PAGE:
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Huge pressure on Gavin Williamson to ditch A-Level and GSCE algorithm after Wales follows Northern Ireland in using teacher assessments

There is growing pressure on Gavin Williamson to ditch the moderated grades altogether (PA)

2 min read

Pressure is mounting on Gavin Williamson to ditch the controversial grade algorithm used for this summer’s A-Level and GCSEs after Wales announced they will use teacher assessments to calculate their results.

The Education Secretary had promised there would be no U-turns despite the moderation system his department implemented causing thousands of students to have their predicted outcomes downgraded last week, with many missing out on university places as a result.

But after a growing rebellion by senior Conservative MPs a statement is expected by Mr Williamson and the exam regulator Ofqual on Monday afternoon about the fiasco.

Just hours before that, the Welsh government has revealed they will be solely relying on Centre Assessment Grades for this week’s GCSE results, as well as updating A-Level, Skills Challenge Certificate and Welsh Baccalaureate grades too.

Education minister Kirsty Williams said: “Given decisions elsewhere, the balance of fairness now lies with awarding Centre Assessment grades to students, despite the strengths of the system in Wales.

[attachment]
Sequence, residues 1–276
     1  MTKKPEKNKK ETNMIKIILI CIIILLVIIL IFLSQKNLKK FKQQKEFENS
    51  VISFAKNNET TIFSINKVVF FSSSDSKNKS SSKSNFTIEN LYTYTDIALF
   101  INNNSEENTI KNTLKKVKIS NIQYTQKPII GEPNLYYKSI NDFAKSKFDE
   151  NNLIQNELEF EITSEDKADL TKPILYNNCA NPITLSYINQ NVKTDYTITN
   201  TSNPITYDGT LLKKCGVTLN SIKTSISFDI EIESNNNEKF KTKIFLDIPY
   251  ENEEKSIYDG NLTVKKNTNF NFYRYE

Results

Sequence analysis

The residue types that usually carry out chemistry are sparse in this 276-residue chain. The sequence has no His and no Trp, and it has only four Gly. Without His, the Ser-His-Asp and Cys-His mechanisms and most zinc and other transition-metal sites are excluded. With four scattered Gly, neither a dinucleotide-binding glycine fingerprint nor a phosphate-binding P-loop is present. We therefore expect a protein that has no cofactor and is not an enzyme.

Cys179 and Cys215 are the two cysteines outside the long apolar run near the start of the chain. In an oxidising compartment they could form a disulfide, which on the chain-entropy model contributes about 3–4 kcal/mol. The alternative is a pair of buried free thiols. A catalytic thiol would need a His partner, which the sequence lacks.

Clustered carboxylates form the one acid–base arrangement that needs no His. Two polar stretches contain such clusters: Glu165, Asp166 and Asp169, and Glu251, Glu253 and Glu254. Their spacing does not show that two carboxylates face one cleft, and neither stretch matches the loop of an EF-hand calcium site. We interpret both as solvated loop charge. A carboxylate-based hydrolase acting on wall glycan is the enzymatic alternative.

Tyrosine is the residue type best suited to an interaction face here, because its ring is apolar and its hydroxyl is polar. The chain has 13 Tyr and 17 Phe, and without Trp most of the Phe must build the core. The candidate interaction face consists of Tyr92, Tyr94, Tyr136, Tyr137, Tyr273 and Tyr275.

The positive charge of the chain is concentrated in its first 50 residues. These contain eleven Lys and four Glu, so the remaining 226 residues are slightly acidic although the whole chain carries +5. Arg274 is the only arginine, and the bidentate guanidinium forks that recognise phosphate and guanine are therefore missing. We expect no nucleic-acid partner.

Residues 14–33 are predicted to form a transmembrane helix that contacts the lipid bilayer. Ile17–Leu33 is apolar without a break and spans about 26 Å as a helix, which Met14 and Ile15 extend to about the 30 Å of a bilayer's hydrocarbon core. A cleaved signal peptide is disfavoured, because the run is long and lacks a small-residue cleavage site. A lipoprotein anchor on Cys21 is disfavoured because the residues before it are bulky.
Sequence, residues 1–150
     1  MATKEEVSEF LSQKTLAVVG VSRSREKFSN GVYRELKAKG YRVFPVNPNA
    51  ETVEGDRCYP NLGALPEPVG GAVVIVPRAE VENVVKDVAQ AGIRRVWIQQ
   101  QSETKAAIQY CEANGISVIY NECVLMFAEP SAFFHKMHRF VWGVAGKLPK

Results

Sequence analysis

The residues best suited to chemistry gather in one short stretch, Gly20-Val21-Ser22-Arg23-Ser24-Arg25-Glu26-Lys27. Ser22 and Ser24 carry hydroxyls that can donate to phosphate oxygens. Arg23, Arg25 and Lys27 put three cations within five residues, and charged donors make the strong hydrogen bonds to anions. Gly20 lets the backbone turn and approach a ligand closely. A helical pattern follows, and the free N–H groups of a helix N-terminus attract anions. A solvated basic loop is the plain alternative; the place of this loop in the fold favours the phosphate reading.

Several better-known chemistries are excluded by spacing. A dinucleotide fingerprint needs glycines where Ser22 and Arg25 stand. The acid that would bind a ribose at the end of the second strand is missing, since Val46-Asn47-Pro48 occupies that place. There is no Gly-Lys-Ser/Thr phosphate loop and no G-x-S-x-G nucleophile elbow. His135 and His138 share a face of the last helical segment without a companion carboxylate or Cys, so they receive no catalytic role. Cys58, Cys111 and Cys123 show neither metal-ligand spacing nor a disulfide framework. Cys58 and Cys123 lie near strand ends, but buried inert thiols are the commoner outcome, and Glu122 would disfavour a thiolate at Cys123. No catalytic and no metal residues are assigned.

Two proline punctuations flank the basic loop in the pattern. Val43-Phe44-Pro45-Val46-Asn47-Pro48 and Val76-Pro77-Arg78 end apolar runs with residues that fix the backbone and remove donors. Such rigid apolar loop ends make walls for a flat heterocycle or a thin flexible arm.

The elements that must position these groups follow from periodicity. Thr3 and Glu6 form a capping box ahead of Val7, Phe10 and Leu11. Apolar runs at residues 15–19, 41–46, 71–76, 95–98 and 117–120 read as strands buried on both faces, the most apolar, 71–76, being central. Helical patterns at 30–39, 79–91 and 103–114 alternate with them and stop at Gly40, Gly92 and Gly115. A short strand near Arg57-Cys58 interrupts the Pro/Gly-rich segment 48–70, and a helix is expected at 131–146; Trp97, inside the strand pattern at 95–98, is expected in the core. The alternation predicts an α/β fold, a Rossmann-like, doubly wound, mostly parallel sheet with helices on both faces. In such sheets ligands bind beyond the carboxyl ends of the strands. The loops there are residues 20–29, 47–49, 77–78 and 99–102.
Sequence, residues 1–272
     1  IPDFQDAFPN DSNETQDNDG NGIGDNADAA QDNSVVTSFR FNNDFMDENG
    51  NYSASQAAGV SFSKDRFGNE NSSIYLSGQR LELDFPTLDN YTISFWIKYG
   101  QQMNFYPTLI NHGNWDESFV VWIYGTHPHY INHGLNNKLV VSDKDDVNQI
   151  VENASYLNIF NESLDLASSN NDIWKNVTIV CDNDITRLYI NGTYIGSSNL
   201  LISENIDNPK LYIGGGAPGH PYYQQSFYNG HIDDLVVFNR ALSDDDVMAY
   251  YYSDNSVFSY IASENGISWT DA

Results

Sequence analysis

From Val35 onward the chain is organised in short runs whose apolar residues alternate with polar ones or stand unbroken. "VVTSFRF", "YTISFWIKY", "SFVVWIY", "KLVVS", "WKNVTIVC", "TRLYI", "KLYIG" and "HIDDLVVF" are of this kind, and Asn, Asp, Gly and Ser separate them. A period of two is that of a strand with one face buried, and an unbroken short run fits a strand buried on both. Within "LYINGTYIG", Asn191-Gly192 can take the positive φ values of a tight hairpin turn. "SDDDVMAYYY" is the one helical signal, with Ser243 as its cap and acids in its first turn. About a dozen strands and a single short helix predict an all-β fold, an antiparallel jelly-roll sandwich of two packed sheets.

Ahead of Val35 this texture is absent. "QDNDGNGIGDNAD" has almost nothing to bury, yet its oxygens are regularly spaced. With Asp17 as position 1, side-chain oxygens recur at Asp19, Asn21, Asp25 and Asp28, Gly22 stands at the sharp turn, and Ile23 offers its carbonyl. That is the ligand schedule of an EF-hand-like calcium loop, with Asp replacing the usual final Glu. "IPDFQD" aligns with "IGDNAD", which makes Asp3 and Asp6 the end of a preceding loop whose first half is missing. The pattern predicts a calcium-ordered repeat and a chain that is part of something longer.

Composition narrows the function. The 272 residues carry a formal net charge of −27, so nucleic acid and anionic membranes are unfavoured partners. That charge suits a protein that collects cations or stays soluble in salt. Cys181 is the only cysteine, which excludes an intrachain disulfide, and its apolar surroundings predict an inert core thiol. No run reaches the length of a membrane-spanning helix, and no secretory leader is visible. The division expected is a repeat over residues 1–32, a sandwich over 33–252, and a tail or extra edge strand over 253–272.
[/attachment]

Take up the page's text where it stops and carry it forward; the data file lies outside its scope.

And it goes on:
“I am taking this decision now ahead of results being released this week, so that there is time for the necessary work to take place.

“For grades issued last week, I have decided that all awards in Wales, will also be made on the basis of teacher assessment.

“For those young people, for whom our system produced higher grades than those predicted by teachers, the higher grades will stand.

Earlier the Northern Irish education minister Peter Weir said standardisation methods will not apply to GCSEs, saying “all candidates will now be awarded the grades submitted by their centre”.

It follows the decision by Nicola Sturgeon to ditch the moderated grades awarded to pupils in Scotland too, leaving England the only part of the United Kingdom still using them.

In response to the decision by the administration in Cardiff, Labour’s Shadow Education Secretary Kate Green said: ”Boris Johnson must now follow the lead of the Welsh Government which has acted to ensure young people in Wales get the qualifications they deserve.

 “The PM must get a grip on the situation in England now, and end the historic injustice that he is imposing on young people across the country.”

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